Bonafide Blue Ribbon (aka Nice Guys Finish Last, and We Generally Warn You Before We Do) Part II

Feelings are cute but can turn monstrous, and should never be fed after midnight like Mogwais. None the less, or more the lesser, I waited for her in Connolly’s, wetting my desires with a whiskey neat and giving names to the little gremlins taking shape around my head and heart.

My mother always said an idle mind was Lucifer’s playground, and I never tempt the devil unless I’m ready to dance. Especially not after 12:00AM, the darkest hour, where you’re either climbing to the top of the world or on the verge of being crushed by it. Luckily my mind was made up and I had on my most comfortable shoes.

Enter Felice, stage left, who walked into the bar looking like the kind of girl they write songs about. Gorgeous enough to know it, so I made it a point to not make that obvious.

“Haven’t I seen you wear that shirt before?”

“Where do you get it?” She asked. 

“My shirt? You know I only shop at Hot Topic.”

“No, this confidence you definitely don’t deserve.”

The air smelled like starched shirts and too much perfume. My heart strung on the soft tendons of her knuckles that left me wondering where the arch of her neck leads. A feminine physique, the scent of raspberries; wide hips narrowing. What a waist for time.

Sex, such a a cheap trick and emotional shortcut; like skipping to the best part of your favorite song when you’re drunk. A quick high without the progress or buildup, that burns out as fast as it lights up and taste only as good as the oral is. But it’d been a while and I needed to feel a little needed, even if it were from somebody I didn’t give much of a damn about. But first there was the social foreplay, and some of the little monsters in me liked to chew the fat long enough to leave the bone dry. 

“The smartest diseases,” I said. “Are the kinds that can disguise themselves to look like it’s a part of you. Fool the body into thinking it’s just another blood cell. That’s the way it is with people, too: fake it til you take over their immune system.”

“You just compared yourself to cancer,” She said.

So beautifully cruel. She enriches me as a lover but ruins the romantic, makes lighter all those tragedies I rattle at with a beer can. Kissed by fire and freckled in 80’s rock ballads; she was terrible at the song of vice and liars. Honest to a fault with fireworks in her eyes- Felice, you had to smile to say her name. Hair halfway down her back and a dip between her shoulder blades. Thin fingernails and long, smooth knuckles that looked like almonds hiding under a milky bar of chocolate. Smokers lips and eyebrows that were always either feigning surprise or frowning.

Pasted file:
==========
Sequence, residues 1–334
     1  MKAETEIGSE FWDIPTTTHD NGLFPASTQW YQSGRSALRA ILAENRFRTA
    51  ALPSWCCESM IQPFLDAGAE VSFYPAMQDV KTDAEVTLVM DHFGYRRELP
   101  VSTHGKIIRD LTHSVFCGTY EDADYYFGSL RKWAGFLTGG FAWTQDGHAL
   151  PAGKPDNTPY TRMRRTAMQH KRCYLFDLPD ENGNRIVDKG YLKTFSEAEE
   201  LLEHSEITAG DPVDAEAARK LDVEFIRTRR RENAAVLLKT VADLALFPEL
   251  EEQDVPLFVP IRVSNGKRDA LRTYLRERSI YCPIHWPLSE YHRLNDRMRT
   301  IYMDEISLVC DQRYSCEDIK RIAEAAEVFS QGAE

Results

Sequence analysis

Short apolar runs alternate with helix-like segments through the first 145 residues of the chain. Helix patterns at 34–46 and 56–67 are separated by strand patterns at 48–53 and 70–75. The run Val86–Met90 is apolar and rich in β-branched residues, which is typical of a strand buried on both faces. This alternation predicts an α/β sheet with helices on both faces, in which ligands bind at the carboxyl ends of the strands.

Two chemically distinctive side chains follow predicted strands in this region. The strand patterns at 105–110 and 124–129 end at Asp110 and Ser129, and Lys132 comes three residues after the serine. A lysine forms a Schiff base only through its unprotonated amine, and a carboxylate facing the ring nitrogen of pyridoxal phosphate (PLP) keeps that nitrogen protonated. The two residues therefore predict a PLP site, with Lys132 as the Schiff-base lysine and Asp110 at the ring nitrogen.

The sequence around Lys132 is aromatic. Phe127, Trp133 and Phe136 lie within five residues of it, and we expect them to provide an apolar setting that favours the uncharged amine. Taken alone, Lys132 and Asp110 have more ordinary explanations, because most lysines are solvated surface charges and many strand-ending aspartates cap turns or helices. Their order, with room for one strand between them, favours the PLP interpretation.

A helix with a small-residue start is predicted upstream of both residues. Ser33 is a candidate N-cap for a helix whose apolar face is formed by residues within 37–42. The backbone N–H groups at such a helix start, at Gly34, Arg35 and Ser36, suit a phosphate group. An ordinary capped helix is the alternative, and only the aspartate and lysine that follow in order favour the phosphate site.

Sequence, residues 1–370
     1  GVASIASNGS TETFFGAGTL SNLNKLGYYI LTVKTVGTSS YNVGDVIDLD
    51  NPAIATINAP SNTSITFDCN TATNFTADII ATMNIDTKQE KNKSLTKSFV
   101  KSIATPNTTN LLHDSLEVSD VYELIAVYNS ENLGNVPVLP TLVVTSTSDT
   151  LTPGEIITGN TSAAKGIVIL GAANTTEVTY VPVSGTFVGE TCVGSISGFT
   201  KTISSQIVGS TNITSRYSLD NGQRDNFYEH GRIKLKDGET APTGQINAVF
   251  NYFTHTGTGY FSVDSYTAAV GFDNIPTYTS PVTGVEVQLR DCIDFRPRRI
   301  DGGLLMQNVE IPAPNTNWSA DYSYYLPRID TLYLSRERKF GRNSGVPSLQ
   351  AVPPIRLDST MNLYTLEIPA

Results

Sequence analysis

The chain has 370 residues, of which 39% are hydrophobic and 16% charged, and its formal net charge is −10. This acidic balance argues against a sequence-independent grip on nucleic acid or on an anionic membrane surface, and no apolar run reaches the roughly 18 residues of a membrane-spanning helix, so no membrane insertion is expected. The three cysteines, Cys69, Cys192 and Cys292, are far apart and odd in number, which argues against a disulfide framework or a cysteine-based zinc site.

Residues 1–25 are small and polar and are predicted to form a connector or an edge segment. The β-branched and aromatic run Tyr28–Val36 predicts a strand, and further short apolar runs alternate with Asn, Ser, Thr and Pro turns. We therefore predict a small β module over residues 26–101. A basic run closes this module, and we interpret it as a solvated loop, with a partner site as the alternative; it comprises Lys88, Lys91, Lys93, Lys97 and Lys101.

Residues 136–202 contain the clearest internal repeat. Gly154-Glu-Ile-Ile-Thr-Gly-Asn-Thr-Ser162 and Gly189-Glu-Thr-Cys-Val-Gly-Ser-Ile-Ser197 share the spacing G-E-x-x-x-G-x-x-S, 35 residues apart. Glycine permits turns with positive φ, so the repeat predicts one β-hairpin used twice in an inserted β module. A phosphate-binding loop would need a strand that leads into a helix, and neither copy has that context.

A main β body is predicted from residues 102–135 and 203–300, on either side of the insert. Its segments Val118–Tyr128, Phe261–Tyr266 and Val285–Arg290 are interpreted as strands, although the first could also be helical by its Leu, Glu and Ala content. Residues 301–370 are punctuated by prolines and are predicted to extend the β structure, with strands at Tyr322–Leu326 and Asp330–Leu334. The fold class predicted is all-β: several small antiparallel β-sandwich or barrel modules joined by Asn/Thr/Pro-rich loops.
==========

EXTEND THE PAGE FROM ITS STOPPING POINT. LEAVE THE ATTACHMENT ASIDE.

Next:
“But I’m a Taurus.” I said. And she tried very admirably not to laugh.

We had met from a mutual acquaintance at a rooftop bar over near the west end last Summer. We remained light friends, occasional Facebook comment and a meme for posterity sake. An acquaintance that never quite made it as a friend, but if she had ever cut ties and left, I would be a husk. Because a cage without a bird is an empty thing.

“Tell me something.” I said.

“Like what?”

“Anything, as long as it’s not about your how much you hate your boss.”

Her eyes rolled, so drastically she nearly back-flipped, then fell restlessly on the crowd. Searching between the bodies, as if somewhere in the sea of strangers she could have found what she meant to say. What are you wondering at, you beautiful wonder. But that’s just the way she was- with a heaven in her smile and a frown in her eyes, the kind of storm in her thighs that consumed you by degrees.

“I don’t want to end up alone,” She said, a bit too honestly.

Company comes with conditioning, a terrible case of cotton mouth and Pavlov’s jaw, that creaks and rust and is afraid at any attempt at something honest. I couldn’t stand it, the pseudo sociable. Talking about your job and weather is conventional and safe, but feels more like a constraint than a conversational mattress. I could only get along with people that people call unhinged – the kind that are un-apologetically themselves and never learn to stop sniffing markers. Alcoholics, drug abusers, sex and love addicts anonymous. I fell into them the way people fall into bad habits and addictions.

“You just haven’t met the right person yet.” I parroted, not thinking, just responding in the way some blood cells  and chemical reactions are supposed to.

“But I hate that idea. Of fucking…I don’t know, presupposing. Like meeting someone is so inevitable. If you can find happiness in different things, in like, songs, or traveling, or a really good book, why should mine have to come from some other person?”

We sat there, loud, but empty.  Like glass bottles clinking. Humanity is a strange enigma, toasting to his or her own empty fantasia- specific instances of precise happiness undefinable by sobriety. An escape endlessly clouded by the myriad of errors that got you there. Forgotten, wasted, and inexplicable. Taken for granted like keys you swore you lost but show up at your bedside.

“They write songs about people who fall in love the way you do.” I said coming from a haze, shooing the last few gremlins. “But that’s all they are. They’re just songs.”